models through which these gaps might be addressed?
    Agencies lacking a traditional focus on research and development 
nonetheless pursue critical missions that could benefit from 
innovation. Given these agencies' more modest capacity to support 
research and development and other avenues to innovation, there is 
potentially underinvestment in science, technology and innovation to 
address key national problems such as education, workforce development, 
and poverty alleviation.
    (11) Given recent evidence of the irreproducibility of a surprising 
number of published scientific findings, how can the Federal Government 
leverage its role as a significant funder of scientific research to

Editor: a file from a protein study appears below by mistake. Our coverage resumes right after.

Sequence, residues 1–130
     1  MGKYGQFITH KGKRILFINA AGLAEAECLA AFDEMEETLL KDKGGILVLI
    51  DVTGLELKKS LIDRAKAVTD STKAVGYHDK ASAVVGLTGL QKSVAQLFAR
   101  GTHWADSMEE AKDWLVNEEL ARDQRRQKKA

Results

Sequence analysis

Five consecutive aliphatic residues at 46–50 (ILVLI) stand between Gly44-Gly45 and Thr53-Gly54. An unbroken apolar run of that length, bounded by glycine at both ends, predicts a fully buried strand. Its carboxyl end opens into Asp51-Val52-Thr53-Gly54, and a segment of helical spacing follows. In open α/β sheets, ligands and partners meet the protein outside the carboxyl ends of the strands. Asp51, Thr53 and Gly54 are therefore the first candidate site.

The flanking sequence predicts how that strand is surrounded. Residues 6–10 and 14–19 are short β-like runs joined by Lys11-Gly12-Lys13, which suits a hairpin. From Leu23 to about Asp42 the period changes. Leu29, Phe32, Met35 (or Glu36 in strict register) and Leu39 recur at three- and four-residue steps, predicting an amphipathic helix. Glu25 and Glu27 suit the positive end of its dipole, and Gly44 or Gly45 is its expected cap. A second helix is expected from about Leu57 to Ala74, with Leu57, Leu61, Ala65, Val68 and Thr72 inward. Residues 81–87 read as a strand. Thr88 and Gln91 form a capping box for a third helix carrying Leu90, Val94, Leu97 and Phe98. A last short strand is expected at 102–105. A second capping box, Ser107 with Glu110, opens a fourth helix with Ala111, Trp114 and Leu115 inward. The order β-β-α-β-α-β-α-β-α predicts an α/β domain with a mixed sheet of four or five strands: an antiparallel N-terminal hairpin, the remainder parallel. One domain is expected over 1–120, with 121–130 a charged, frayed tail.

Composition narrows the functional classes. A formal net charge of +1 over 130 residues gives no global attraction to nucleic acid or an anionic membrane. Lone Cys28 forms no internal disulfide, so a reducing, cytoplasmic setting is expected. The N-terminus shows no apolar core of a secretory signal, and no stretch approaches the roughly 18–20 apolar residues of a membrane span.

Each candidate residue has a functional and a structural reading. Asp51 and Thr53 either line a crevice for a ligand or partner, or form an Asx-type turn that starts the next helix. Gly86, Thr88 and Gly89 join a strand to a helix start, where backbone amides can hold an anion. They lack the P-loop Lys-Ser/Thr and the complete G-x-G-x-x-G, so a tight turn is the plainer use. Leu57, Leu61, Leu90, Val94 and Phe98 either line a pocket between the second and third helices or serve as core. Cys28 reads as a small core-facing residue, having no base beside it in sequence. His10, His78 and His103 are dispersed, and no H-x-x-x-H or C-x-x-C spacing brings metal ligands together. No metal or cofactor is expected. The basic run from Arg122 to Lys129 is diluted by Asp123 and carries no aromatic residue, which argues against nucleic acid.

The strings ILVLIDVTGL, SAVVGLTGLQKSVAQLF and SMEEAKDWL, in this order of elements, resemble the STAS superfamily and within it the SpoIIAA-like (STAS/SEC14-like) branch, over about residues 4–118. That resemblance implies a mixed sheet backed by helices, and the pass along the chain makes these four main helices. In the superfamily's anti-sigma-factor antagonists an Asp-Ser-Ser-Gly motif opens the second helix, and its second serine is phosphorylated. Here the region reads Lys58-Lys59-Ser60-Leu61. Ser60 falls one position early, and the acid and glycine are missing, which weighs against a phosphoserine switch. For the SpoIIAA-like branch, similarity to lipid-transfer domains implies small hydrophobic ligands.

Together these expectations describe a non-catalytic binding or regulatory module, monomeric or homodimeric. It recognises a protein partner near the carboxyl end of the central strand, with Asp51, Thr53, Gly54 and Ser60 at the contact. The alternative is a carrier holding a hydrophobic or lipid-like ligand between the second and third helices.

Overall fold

most effectively address the problem?

Skilled Workforce Development

    (12) What novel mechanisms or models might facilitate matching 
skilled STEM workers with employers and helping individuals identify 
what additional skills they may need to transition successfully to new 
roles?
    In a dynamic economy, STEM workers seeking employment in a 
different industry often find it difficult to identify employers with 
matching needs. Likewise, employers devote

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significant resources to finding technically skilled individuals to 
meet their needs, sometimes with little success, even though a large 
pool of technically skilled workers may exist.
    (13) What emerging areas of skills are needed in order to keep pace 
with emerging innovations or technologies? What are successful models 
for training workers with these skills to keep up with emerging 
innovations?
    For example, pharmaceutical researchers report that more workers 
are needed with capabilities in gene sequencing and bioengineering to 
keep pace with new innovations in bio-manufacturing. Similarly, 
innovations in advanced materials from lightweight metals to advanced